In Washington State, regulations for the marijuana retail outlets are going to start being drafted by the Washington State Liquor Control Board. This process is expected to last about a year. The immediate impact of passing I-502 is on the state laws regarding possession. Starting on December 6th, Section 20 of the initiative will take effect. This section effectively states that any person over the age of 21 is legally allowed to possess up to 1oz of dried marijuana, 16oz of marijuana solids (edibles), and 72oz of cannabis infused liquids (think oils and lotions). It is also no longer a crime to possess marijuana paraphernalia.
Law enforcement representatives in the state have already released some statements on this matter. Sergeant Sean Whitcomb, from the Seattle Police Department, said, “For us, the law has changed, and people can expect no enforcement for possession.”
“What you can expect,” Sgt. Whitcomb clarified, “is no enforcement on possession, that is a reasonable expectation.”
The vote in Colorado is awaiting final certification, a process that is expected to take about a month. After this approval, it will immediately become legal in Colorado for adults over the age of 21 to possess up to an ounce of marijuana and for them to grow up to 6 plants in a secure indoor space.
The state is required to adopt a legal framework for retail sales by July of 2013, the first marijuana retail outlets could potentially open as early as the start of 2014.
Colorado’s law enforcement seems just as keen as Washington’s, for the time being, to honor the will of the people. “We’re not federal agents,” stated Larimer County Sheriff Justin Smith, who opposed Amendment 64 during the campaign.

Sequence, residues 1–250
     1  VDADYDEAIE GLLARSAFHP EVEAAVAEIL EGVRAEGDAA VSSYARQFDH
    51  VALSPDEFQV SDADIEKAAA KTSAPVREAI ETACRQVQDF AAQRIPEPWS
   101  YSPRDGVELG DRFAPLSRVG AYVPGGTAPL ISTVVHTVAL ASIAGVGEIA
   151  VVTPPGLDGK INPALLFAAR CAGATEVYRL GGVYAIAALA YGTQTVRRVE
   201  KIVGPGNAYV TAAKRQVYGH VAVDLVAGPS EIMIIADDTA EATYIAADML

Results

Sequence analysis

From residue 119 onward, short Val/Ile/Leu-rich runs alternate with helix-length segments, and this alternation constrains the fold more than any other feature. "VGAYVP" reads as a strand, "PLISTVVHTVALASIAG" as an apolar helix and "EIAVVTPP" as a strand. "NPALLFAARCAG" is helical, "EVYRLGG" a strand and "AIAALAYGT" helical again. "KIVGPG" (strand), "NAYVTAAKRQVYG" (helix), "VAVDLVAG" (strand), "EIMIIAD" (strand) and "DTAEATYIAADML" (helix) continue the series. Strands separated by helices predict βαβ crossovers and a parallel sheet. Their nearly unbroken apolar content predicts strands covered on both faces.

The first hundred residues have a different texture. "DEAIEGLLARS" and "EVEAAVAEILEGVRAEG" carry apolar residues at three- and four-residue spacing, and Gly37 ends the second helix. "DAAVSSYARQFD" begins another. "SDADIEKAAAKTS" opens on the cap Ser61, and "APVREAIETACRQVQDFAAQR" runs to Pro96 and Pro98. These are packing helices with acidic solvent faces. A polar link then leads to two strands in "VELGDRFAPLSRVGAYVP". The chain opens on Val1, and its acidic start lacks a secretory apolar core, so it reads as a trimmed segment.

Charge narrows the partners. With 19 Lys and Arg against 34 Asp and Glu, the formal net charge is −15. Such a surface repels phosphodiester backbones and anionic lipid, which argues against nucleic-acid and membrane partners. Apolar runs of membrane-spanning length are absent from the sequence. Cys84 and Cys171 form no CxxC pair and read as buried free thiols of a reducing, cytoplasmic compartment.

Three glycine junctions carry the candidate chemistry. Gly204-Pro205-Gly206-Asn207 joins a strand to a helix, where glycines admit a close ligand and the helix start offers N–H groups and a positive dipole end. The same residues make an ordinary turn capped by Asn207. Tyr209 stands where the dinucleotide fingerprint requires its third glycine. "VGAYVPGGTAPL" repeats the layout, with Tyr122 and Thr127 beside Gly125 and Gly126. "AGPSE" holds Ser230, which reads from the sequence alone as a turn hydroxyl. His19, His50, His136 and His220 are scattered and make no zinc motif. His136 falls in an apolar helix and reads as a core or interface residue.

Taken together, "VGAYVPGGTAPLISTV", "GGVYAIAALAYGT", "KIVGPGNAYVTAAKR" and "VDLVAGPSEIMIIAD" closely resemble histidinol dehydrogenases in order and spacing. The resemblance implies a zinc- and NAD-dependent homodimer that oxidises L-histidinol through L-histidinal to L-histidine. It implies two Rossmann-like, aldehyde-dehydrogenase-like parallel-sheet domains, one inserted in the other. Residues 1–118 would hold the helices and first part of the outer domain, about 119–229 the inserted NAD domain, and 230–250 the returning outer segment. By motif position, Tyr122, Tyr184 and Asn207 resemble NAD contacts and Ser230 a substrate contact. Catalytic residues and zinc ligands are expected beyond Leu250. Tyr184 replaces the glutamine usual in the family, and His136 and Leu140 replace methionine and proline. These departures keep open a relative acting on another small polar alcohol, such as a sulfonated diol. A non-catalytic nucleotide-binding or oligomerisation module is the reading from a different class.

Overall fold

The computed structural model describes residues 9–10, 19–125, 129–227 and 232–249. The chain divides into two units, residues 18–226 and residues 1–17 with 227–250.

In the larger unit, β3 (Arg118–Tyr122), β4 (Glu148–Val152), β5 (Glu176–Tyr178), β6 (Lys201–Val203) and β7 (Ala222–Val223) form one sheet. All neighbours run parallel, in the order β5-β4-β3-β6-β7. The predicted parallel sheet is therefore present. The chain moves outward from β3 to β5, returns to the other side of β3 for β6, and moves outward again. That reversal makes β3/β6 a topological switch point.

“We can arrest people if they’re wanted on warrants on federal crimes, but unless we’re involved in a specific case … where (a deputy is) cross-commissioned as a federal agent,” he said, “we don’t directly enforce federal law.”
While he ended his statement with a patronizing jab, Colorado Governor Hickenlooper seems willing to abide by the desire of his state’s citizens on this issue. “The voters have spoken and we have to respect their will,” Hickenlooper said Tuesday night.
“This will be a complicated process, but we intend to follow through. That said,” he ended, “Federal law still says marijuana is an illegal drug, so don’t break out the Cheetos or gold fish too quickly.”
These protections in both states, when certified and placed into effect, will apply to anyone physically in the state, no residency required. Public consumption would remain a violation in both states, but a civil, not criminal, one.
As always, NORML will keep you posted as these laws become certified and come into effect and will be tracking the process of implementing retail outlets every step of the way.
Despite trailing in the polls for most of the previous months, Oregon advocates and reformers were able to close the support gap for their marijuana legalization initiative to a respectable 45% in favor and 55% opposed (with 55% of the vote counted). Unfortunately, this wasn’t enough to push Measure 80 over the top.
What this effort did, however, was elevate the discourse in regards to marijuana legalization in Oregon and set the stage for future efforts. We would like to thank all of those who dedicated countless hours into supporting this reform effort in Oregon and will be following up in regards to the future of marijuana law reform in the state.
Issue 5, which would have legalized the medical use of cannabis in Arkansas and made it the first southern state to do so, was rejected by voters in a projected defeat with 52% voting NO to 48% YES (with 73% of the vote tallied).
NORML would like to thank all the dedicated activists and supporters on the ground in Arkansas who fought very hard for this initiative. We will keep you posted on future news regarding Arkansas and cannabis law reform.